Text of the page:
Ig is herself a (alto)violinist and her partner is a clarinettist, so she has a great affinity with reed players. She moves into the realm of improvisation and in her new piece there are two moments where - within established frameworks - we get a bit more freedom. I previously collaborated with her on the solo Riassunto for my education anthology. With the new piece, I did not interfere because she knows what kind of player I am and what works well or not. So I was confident that something engaging would come out of it, challenging but still playable.

Vanessa Lann wrote Lather, rinse, repeat for bass clarinet quartet. The lyrics any American will recognise, as they are on all shampoo bottles. As in all her music, there is something repetitive in it, but in a different way than I knew from her. For instance, I played Then I'll have another cauliflower for bass clarinet, cello and piano and she wrote Sleep, sleep, gypsy for flute, bass clarinet and piano for my trio Kaida. In her new quartet, the four instruments are less intertwined than in Ig Henneman's trio, they are four 'quirky' voices. There is also a surprise in it, as there often is in her work, but I'm not going to give it away.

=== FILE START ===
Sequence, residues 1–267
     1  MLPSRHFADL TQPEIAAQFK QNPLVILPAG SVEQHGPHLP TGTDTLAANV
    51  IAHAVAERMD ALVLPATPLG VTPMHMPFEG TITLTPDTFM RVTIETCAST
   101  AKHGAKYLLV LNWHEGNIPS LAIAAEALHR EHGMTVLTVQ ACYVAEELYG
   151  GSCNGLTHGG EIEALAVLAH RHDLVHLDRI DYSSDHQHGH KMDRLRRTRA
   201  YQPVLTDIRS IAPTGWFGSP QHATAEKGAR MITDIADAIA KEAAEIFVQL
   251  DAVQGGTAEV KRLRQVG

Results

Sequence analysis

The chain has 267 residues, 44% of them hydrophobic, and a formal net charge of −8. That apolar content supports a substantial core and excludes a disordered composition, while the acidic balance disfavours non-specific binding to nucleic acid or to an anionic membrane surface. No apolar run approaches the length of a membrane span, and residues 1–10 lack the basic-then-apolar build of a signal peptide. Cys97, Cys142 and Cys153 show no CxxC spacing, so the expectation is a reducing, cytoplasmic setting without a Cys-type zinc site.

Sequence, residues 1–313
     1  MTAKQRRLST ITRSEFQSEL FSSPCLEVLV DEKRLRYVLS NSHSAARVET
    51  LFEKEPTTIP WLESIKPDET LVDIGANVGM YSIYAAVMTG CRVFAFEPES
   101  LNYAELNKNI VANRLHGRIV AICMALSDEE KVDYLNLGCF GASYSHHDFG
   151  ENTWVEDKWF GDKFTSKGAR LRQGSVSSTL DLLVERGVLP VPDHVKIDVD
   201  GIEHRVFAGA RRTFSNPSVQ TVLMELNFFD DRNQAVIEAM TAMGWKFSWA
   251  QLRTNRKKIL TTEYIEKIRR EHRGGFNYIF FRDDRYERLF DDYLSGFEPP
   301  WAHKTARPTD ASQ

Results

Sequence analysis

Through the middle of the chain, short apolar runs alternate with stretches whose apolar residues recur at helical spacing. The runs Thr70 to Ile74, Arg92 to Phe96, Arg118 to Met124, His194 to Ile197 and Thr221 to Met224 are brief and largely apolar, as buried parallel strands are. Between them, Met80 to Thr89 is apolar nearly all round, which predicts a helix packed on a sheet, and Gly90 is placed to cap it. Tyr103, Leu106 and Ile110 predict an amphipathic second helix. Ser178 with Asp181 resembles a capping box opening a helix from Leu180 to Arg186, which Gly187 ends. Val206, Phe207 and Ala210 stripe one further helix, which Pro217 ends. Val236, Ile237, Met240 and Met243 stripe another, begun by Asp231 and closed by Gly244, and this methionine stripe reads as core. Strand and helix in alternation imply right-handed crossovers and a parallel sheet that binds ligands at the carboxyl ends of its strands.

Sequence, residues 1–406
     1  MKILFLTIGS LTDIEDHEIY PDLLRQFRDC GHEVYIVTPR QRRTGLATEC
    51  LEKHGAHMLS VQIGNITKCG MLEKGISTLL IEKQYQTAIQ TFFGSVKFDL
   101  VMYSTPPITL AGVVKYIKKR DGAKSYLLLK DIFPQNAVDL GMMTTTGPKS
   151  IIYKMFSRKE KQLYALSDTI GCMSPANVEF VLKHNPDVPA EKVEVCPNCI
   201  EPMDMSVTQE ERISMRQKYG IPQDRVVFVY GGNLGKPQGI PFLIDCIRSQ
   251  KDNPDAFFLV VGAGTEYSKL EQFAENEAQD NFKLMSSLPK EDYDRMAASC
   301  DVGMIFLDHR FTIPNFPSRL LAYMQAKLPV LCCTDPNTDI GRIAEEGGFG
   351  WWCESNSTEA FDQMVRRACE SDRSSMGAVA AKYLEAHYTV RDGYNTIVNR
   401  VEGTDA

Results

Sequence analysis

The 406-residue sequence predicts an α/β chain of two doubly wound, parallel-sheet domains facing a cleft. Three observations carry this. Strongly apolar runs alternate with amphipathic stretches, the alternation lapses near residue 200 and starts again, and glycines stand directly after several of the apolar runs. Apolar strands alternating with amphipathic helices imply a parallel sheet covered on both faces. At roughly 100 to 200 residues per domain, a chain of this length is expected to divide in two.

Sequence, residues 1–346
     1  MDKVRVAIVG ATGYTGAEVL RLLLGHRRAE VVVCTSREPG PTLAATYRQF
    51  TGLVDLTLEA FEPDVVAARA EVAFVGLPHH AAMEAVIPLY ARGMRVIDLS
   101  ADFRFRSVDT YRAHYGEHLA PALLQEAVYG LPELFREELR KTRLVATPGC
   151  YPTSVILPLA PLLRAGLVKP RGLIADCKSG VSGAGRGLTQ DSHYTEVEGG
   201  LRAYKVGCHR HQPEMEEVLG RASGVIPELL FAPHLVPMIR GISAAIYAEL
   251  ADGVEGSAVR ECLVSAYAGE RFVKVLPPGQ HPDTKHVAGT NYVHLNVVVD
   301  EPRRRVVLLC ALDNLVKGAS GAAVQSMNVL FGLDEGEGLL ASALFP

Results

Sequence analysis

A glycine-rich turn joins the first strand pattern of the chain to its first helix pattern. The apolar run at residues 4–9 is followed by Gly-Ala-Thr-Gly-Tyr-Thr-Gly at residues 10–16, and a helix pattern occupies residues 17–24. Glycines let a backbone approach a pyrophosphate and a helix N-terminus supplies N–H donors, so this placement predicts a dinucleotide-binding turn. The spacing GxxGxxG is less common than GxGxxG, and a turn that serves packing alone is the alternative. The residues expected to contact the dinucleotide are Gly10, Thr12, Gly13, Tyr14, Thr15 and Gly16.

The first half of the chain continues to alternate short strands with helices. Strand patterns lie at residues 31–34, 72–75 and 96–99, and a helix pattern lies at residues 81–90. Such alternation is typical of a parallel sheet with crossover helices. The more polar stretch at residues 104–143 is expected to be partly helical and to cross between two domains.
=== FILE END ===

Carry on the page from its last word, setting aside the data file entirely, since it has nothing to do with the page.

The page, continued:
Are there common ground with Ursula Mamlok's music?

'The three composers are quite different, but I can express myself well in their pieces. I really like sound and playing with timbres, which is strong in the music of all three.'

#Ursula Mamlok died on the morning of May 4, 2016

Thea Derks

Thea Derks studied English and Musicology. In 1996, she completed her studies in musicology cum laude at the University of Amsterdam. She specialises in contemporary music and in 2014 published the critically acclaimed biography 'Reinbert de Leeuw: man or melody'. Four years on, she completed 'An ox on the roof: modern music in vogevlucht', aimed especially at the interested layperson. You buy it here: In 2020, the 3rd edition of the Reinbertbio appeared,with 2 additional chapters describing the period 2014-2020. These also appeared separately as Final Chord.View Author posts